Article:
It may come as no surprise to anyone who's met Roberta Schwartz that she's a self starter. Schwartz, who is the executive vice president and chief innovation officer for Houston Methodist, was among the group that organized to create what is now the Center for Innovation within the hospital system.

But one of her earlier moments of innovation leadership came when she was diagnosed with cancer at a young age. She co-founded the Young Survival Coalition to help connect young breast cancer patients like herself.

"I was 27 when I was unexpectedly diagnosed with breast cancer — I have no family history, no cancer in the family. It certainly was a shock to my system," Schwartz says on this week's episode of the Houston Innovators Podcast. "Once I was diagnosed, and through some of the original surgery and care I had to do, I knew that I wanted to reach out and find a larger community of young women." Continue reading.

Yael Katz, Topper Luciani, and Dorit Donoviel are this week's Houston innovators to know. Courtesy photos

Houston is full of innovative people looking to make an impact — whether it's in the health tech, fashion, or science industries.

This week's innovators to know represent different industries within Houston, but they are all looking to leave a legacy in making a difference.

Yael Katz, co-founder and CEO of BrainCheck

Photo courtesy of BrainCheck

Yael Katz has seen the company she co-founded grow tenfold in its almost five years, and now she's watching that growth from a corner office with a great view of Houston.

BrainCheck, a cognitive assessment startup that has developed a software tool for primary care doctors to use to assess their patients' cognitive health, has moved into a new office space in the West University area following a series A round of fundraising.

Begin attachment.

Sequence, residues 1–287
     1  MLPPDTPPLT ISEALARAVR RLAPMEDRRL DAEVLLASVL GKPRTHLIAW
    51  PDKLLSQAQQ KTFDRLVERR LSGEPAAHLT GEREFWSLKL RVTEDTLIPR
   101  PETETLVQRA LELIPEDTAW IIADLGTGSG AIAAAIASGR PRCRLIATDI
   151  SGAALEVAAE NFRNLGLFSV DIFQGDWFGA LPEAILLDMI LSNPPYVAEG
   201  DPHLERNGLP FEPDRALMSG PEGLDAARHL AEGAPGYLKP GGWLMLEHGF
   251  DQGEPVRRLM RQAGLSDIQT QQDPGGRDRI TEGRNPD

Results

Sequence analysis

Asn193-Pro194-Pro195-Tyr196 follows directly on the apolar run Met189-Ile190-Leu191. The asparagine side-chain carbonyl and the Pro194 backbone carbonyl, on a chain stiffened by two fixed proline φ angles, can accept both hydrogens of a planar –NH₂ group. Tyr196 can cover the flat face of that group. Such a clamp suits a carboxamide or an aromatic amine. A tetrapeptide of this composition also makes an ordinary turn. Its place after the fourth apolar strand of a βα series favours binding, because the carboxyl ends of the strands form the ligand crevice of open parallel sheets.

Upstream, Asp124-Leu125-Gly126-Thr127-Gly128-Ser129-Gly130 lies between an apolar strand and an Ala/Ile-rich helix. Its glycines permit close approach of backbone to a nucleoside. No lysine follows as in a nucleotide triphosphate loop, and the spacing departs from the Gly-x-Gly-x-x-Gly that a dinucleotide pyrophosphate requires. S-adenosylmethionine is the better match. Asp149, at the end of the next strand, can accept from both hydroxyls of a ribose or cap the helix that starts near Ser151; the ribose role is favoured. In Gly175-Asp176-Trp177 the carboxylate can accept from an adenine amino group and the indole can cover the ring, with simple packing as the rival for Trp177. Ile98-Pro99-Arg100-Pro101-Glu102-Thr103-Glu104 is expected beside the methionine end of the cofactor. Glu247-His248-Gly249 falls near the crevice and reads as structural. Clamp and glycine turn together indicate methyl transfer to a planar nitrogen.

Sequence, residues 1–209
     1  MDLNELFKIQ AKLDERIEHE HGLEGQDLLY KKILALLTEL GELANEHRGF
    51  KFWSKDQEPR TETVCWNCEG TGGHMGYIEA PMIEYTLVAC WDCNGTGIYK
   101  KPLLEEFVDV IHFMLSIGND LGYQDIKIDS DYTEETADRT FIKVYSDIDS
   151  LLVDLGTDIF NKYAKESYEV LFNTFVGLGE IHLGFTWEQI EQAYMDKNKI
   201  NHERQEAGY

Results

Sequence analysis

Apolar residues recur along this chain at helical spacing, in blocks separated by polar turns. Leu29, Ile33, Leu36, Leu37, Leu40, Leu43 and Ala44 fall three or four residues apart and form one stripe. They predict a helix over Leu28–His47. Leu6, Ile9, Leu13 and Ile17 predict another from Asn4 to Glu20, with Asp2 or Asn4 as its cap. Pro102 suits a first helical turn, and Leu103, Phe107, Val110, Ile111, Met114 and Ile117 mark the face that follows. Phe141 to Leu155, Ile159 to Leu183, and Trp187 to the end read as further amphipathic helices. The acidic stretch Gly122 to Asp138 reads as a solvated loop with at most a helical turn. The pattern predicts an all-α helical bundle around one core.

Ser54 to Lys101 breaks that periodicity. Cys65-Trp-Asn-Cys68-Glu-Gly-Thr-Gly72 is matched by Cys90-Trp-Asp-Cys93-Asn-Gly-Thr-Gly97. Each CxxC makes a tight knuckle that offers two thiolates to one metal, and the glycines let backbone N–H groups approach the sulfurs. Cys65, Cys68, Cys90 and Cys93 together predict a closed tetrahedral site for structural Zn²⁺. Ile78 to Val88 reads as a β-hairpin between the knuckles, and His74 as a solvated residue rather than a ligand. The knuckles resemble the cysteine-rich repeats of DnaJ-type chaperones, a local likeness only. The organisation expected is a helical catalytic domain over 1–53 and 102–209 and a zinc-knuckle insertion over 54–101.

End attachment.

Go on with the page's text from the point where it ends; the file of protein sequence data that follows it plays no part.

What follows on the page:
"It's pretty exciting to have reached this milestone where we need more space," Yael Katz, co-founder and CEO of BrainCheck, tells InnovationMap. "We were pretty much bursting at the seams in our old office." Read more.

Topper Luciani, founder and CEO of Goodfair

Photo courtesy of Goodfair

With the rise of fast fashion — in which huge clothing lines rapidly produce cheap clothing for consumers, humans are cycling through clothing at a detrimental rate.

According to a report from Business Insider, the fashion industry contributes 10 percent of the world's carbon emissions, is the second-largest user of the earth's water supply, and pollutes the oceans with microplastics.

"I realized that there was too much stuff out there," says Topper Luciani, founder and CEO of Houston-based Goodfair, "and there is an environmental crisis being caused by the clothing industry. They're manufacturing so many items, they're using slave labor, they're pumping dyes and other chemicals into rivers. It's absolutely wild." Read more.

Dorit Donoviel, director of the Translational Research Institute for Space Health

Libby Neder Photography

On the most recent episode of the Houston Innovators Podcast, Dorit Donoviel speaks of space health needs in ways that sound like futuristic science fiction. However, the director of the Translational Research Institute of Space Health is actively seeking solutions for issues and needs for living in space.

TRISH works hand in hand with NASA's Human Research Program to identify the program's biggest concerns, and then tap into professors, researchers, and scientists from Baylor College of Medicine, California Institute of Technology, the Massachusetts Institute for Technology, and other partners in order to innovate solutions.

"Everyone tosses the word 'innovation' around, but that means, to us, taking risks in science. Health care, in particular, is very risk averse, but the space industry is taking risks every single day when they put people in a rocket and hurl them into space," Donoviel says on the podcast. "If we're going to mars, for example, we are going to put people at risk." Read more.